Neal St. Anthony
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Patricia Lewis, the top human resources officer at defense contractor Lockheed Martin, has been named executive vice president and chief human resources officer at Minnetonka-based UnitedHealth Group.

Lewis is moving to UnitedHealth Group after more than eight years at Lockheed Martin and more than a decade at IBM, according to her LinkedIn page.

Lewis replaces Ellen Wilson, who will retire in the coming months, according to a company spokesman.

Wilson has held the top HR job at UnitedHealth Group since 2013.

Like Wilson, Lewis will serve among the company’s top executives in UnitedHealth Group’s office of the chief executive.

UnitedHealth Group is Minnesota’s largest company by revenue. It employs about 18,000 people in the state and has a global workforce of more than 320,000 people.

In a Q&A article with a trade publication this year, Lewis offered thoughts on how to deliver tough messages by saying: “Providing straightforward and transparent responses with the rationale for decisions is key.”


Cyber threats

U.S. official cites potential cyber threats

The nation’s top counterintelligence officer said at a Minneapolis Cyber Security conference in Minneapolis last week that he’s most concerned about external cyber threats against critical U.S. infrastructure.

William R. Evanina is a veteran CIA and FBI operative and director of the National Counterintelligence and Security Center (NCSC), and chief security adviser to his third Director of National Intelligence since 2014.

Evanina, in a brief interview during the annual Cyber Security Summit for business and government attendees, listed Russia, China, Iran and North Korea as the leading threats in the business of computer weaponization against U.S. targets.

“I’m concerned about [our] ability to protect critical infrastructure … utilities, transportation, the financial system and telecommunications from state-sponsored intelligence services and various nonstate actors,” he said. “The lights are blinking red.

“We are in dire need to ensure the most effective public-private partnerships to understand the threat surface and position ourselves. Most of the threat surface the government doesn’t own.”

Evanina added that there has been “significant progress” and “great partnerships” formed in recent years to deter and counteract cyber enemies.

Under Evanina, NCSC produces the National Counterintelligence Strategy of the United States of America, which has attempted to raise the “foreign intelligence threat awareness,” and close “critical CI and security gaps in the executive branch and agencies.”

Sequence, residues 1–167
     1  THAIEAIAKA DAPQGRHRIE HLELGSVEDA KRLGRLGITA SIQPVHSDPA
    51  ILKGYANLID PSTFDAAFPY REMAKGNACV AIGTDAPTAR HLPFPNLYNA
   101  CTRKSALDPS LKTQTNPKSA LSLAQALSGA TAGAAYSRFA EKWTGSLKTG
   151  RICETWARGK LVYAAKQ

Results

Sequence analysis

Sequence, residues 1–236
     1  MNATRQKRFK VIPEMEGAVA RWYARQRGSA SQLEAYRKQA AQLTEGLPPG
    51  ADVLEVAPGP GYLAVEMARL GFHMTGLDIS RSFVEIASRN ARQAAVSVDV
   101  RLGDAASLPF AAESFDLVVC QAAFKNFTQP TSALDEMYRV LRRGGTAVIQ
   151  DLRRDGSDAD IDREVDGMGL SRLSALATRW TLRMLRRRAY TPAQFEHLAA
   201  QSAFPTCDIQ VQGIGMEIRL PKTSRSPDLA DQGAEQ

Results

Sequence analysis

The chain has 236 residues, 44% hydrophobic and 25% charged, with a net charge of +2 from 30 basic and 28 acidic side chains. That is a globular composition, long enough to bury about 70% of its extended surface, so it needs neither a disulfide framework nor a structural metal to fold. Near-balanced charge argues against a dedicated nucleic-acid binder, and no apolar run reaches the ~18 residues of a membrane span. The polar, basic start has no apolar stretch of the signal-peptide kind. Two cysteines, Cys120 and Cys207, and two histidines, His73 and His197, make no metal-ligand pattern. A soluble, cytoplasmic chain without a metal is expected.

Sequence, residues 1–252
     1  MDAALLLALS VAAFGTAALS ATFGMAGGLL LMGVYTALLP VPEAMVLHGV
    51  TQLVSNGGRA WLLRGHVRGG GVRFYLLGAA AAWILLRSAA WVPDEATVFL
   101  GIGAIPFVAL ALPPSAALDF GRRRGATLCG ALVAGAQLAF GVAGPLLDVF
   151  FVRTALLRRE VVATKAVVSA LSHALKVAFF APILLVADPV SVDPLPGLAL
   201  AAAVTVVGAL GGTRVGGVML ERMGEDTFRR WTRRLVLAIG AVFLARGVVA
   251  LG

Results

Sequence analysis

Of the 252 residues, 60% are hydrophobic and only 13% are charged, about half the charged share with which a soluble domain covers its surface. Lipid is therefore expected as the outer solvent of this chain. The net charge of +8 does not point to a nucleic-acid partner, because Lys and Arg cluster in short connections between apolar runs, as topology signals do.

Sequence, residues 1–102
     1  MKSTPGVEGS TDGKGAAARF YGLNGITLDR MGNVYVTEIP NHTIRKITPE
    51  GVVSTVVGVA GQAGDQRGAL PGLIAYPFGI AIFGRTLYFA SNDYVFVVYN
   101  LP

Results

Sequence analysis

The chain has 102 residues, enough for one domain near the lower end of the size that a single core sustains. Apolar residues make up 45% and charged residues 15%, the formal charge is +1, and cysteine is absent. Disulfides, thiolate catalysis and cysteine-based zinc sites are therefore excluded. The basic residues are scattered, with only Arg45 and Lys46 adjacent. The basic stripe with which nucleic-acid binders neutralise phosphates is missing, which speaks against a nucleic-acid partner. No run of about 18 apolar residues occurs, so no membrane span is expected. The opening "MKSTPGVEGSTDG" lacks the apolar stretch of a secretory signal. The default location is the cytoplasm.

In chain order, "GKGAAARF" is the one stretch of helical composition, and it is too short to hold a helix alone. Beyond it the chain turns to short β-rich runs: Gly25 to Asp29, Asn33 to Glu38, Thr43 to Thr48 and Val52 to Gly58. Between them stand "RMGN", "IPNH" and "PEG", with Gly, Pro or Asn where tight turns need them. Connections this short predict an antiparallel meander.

Before being named director of the NCSC, Evanina was chief of the CIA’s counterespionage group, where he led intelligence community agencies in identifying, preventing and neutralizing espionage-related activities by foreign intelligence services.

Neal St. Anthony

Downtown Skyways

Ameriprise client center could be next link

Minneapolis may soon get a new skyway to extend its growing network of above-the-ground, glass tunnels.

A skyway is proposed between Ameriprise’s Client Service Center near the intersection of 3rd Avenue S. and S. 9th Street and the Clearway Energy Parking Ramp across S. 9th Street, effectively connecting the Client Service Center building to the rest of the skyway system.

A representative from ESG Architecture and Design is scheduled to present the plans to the land use committee of the Downtown Minneapolis Neighborhood Association on Nov. 5.

The plans were already approved by the downtown skyway advisory committee, though they would still need city approval.

“We are proposing to connect the Ameriprise Client Service Center to the skyway system,” Paul Johnson, a spokesman for Ameriprise Financial, said in a statement.

“The addition of a skyway connection would make it easier and more convenient for our employees and visitors to move between our two main downtown locations and access the skyway system.”

There are about 2,400 employees in the Ameriprise center. Ameriprise headquarters is two blocks away at the Ameriprise Financial Center.

This segment of skyway may look a little different from what pedestrians usually see around the city.

The project would require variances from requirements that skyways run perpendicular to a structure, connect on the second level of a building and appear horizontal to the street.

Nicole Norfleet